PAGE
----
21st & 22nd August 2021

posted 23 Aug 2021, 07:41 by Parish Office

Homily for the Twenty-first Sunday in Ordinary Time, Year B

(21 & 22/8/21)

The Eucharist has been controversial, right from the start. At the time of the Reformation, it was one of the great stumbling-blocks, not only between Catholics and Protestants, but even amongst the Protestants themselves they couldn’t come to an agreement as to what to believe. The reformers Luther and Zwingli strongly disagreed with each other. And more recently, there have been questions about what to do about Joe Biden and other pro-abortion politicians presenting themselves for Holy Communion. The Eucharist was controversial from the start, and still is today.

“[This] is intolerable language. How could anyone accept it?” It’s a phrase that could be said today by the secular world about various Church teachings. But even today, the Church’s teaching on the Real Presence, the fact that Christ is present, body, blood, soul and divinity in the Eucharist, still ruffles feathers. A few years ago, one of the local councils was trying to stop local parishes from teaching the Real Presence to children as they prepared for First Holy Communion. They had to be reminded that they had overstepped the mark. The reasons for the Eucharist being controversial have changed over the ages. So why was it controversial at the time of Christ?

We missed a section of John chapter 6 last week because we celebrated The Assumption, but the crux of the matter is this: Jesus spoke of eating flesh and drinking blood. To the Jews it would have sounded like cannibalism, which, of course, is completely off-limits, both now and then. So why did Christ use such “offensive” language? In part to bring home the realism of the Eucharist. When the people reacted and started walking off, He didn’t call them back and say He was just exaggerating and that the Eucharist is only symbolic – it isn’t. The way we worship, and the way we arrange a church building express our beliefs. Whilst in a Protestant church there often isn’t a tabernacle, and they certainly don’t genuflect, in a Catholic church the Lord is reserved in the tabernacle and is honoured as God with genuflections, candles, flowers and so on. A light is kept burning 24/7 before the tabernacle in honour of the Lord, showing that He is there constantly – He doesn’t disappear the moment Mass ends. Furthermore, He is not inside bread like an evil spirit possessing the body of an individual human being. Rather, after the consecration, the bread and wine become Jesus, and that is why we no longer talk about bread and wine, but the Body and Blood of Christ. A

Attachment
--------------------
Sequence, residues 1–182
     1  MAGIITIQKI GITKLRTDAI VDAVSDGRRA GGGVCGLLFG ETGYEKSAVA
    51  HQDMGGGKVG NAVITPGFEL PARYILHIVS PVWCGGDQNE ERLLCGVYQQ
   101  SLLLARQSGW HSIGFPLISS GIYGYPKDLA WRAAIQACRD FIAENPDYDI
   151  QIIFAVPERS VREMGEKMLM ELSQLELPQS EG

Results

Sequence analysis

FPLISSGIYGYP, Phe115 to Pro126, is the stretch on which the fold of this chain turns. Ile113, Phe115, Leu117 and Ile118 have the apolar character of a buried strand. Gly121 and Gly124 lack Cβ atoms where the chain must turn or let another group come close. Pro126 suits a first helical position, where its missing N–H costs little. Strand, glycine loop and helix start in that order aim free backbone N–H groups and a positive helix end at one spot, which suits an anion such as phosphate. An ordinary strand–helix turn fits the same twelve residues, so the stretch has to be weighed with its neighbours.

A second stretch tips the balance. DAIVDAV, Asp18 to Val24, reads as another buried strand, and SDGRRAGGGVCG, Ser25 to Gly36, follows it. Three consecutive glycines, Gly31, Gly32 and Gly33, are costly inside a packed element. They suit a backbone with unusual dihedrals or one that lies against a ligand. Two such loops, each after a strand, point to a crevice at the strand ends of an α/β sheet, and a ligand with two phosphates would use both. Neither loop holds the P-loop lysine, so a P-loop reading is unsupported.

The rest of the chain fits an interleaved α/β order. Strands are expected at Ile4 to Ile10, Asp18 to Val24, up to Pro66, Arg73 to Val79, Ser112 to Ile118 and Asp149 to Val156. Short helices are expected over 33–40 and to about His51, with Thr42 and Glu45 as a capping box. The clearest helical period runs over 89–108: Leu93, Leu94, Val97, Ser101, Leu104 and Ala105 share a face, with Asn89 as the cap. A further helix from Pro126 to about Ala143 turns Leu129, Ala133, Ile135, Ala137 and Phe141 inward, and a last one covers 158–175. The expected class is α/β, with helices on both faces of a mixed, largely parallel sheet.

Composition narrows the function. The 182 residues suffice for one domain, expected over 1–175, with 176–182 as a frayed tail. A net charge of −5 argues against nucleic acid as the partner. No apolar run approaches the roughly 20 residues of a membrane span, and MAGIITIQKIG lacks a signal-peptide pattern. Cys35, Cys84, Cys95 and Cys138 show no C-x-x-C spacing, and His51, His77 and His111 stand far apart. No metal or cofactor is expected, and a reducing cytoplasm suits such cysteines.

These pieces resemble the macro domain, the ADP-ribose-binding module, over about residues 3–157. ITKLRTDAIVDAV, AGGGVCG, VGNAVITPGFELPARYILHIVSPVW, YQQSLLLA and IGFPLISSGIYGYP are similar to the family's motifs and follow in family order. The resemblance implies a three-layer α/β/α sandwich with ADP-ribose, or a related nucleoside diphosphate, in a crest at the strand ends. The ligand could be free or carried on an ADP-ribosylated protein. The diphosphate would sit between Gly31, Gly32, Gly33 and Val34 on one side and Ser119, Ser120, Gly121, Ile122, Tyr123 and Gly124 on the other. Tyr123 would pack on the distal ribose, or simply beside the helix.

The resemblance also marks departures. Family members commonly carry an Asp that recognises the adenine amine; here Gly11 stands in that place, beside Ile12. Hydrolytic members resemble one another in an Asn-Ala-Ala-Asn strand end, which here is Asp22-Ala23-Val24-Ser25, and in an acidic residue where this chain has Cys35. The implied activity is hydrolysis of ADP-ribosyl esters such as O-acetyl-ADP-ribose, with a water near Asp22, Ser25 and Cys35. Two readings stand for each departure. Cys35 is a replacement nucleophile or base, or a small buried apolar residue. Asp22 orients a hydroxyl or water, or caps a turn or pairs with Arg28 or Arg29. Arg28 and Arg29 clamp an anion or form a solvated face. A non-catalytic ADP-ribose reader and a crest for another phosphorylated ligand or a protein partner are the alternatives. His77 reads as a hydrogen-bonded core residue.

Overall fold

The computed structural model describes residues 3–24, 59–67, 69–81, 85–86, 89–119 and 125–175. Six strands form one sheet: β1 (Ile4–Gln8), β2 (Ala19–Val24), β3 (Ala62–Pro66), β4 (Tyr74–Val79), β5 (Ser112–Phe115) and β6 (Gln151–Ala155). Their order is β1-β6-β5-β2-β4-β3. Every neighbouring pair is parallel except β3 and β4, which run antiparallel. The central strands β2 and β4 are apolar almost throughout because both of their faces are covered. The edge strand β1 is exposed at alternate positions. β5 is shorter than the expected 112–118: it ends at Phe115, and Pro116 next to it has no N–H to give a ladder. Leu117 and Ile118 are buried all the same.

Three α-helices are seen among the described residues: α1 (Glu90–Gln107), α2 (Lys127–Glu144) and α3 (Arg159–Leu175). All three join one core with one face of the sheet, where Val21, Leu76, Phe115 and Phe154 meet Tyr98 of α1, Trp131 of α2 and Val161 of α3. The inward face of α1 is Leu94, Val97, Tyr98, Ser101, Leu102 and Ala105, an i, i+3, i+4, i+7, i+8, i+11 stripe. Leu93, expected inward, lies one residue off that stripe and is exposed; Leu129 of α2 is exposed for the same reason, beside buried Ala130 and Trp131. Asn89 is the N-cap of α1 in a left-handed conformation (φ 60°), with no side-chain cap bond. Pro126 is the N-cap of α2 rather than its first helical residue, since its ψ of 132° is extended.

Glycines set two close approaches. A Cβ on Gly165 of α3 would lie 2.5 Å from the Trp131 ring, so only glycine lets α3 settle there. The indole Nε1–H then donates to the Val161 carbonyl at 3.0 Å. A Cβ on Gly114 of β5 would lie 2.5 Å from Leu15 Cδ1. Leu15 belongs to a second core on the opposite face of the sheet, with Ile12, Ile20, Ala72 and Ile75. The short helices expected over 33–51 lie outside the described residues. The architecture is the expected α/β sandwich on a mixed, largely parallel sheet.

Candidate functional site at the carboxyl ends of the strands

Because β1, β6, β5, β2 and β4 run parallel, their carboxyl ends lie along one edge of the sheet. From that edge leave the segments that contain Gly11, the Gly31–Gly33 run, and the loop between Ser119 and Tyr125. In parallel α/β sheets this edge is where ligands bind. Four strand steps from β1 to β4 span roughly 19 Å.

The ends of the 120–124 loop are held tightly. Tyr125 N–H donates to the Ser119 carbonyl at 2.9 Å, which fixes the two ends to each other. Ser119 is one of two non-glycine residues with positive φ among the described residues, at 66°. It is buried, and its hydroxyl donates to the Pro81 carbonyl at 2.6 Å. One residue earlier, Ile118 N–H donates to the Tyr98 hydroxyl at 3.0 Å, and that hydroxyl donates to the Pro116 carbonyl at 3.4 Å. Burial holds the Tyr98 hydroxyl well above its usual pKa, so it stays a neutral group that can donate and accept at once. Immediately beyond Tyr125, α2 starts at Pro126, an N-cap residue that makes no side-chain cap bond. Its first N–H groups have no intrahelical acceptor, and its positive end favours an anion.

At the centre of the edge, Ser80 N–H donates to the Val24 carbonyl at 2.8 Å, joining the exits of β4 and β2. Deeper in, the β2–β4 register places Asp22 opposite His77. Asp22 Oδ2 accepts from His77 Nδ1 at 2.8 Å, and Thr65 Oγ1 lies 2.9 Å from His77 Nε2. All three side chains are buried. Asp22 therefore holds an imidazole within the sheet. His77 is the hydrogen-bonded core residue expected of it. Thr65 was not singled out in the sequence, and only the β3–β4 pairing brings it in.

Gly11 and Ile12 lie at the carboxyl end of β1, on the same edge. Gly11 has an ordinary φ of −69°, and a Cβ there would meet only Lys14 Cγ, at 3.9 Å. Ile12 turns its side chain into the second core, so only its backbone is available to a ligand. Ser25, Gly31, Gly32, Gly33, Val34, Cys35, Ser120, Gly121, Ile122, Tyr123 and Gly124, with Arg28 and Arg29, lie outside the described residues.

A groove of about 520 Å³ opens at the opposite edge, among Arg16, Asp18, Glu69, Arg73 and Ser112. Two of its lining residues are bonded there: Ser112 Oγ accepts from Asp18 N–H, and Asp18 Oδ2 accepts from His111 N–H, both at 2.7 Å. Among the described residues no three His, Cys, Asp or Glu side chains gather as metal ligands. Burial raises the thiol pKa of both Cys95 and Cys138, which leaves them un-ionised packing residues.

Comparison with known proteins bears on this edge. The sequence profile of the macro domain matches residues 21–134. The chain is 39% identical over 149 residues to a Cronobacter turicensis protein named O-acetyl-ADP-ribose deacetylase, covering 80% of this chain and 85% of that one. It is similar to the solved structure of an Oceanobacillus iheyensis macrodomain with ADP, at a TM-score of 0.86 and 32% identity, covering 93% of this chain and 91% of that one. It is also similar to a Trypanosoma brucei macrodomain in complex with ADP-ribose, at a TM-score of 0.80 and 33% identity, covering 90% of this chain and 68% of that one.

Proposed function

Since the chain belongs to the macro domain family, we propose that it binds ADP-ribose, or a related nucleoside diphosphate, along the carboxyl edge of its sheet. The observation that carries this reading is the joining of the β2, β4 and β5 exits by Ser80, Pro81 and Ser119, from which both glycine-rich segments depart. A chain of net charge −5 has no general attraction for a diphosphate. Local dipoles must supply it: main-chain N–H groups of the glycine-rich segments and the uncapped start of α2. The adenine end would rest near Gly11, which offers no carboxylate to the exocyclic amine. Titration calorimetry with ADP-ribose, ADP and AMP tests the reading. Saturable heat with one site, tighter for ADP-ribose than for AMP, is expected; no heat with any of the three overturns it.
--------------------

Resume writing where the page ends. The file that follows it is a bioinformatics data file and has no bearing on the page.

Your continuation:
change has taken place, a miraculous conversion. And that is why every host and every drop of the Previous Blood need to be treated with special care. In some of the Protestant churches, they have started using little self-service cups for communion, a bit like the little containers of milk you might get a motorway service station, where you pull off the plastic lid and pour it into your tea. And once they have opened the container and taken their sip, the contents go in the bin. But we can’t do that. We can’t throw Our Lord in the bin! In some Protestant churches, people take some bread and then dip it into the wine, and if a few drops fall on the floor, then it’s a bit messy, but it doesn’t matter. But we can’t do that! We can’t drop Our Lord all over the floor, and then have other people tread over Him! It’s also why we need to be careful when receiving the host in the hand, so that any crumbs don’t end up on the floor either.

[I just now need to add an aside: some of you might think that I have just contradicted myself by talking about bread and wine at a Protestant service. But because of changes they made to the rite of ordination at the Reformation, they lost the sacrament of ordination, so their ministers have no more power to consecrate bread and wine than any ordinary layperson.]

So, going back to what Our Lord was talking about, the Eucharist is a very real, physical, reality, and of course we need the Eucharist because we are real, physical human beings with bodies; we receive the Lord by receiving the Eucharist. Our faith isn’t purely spiritual. Christ chose to heal not only by giving blessings, but also through physical contact – people touching his cloak, placing earth in their eyes mixed with spittle to heal blindness, and so on. He chooses to work now, not just through prayer, but also through physical sacraments involving bread, wine, water, oil, physical touch and so on.

Why did the crowds abandon Jesus? It seems that they didn’t trust Him and they didn’t have faith in Him. They trusted too strongly in their own reasoning and not in Him. Contrast that with St Peter: “Lord, who shall we go to? You have the message of eternal life, and we believe; we know that you are the Holy One of God”. Today, to follow Christ, we have to have faith in Him, and the Catholic Church which He instituted, with St Peter as the first Pope. If we go anywhere else, the Eucharist will continue to be misunderstood.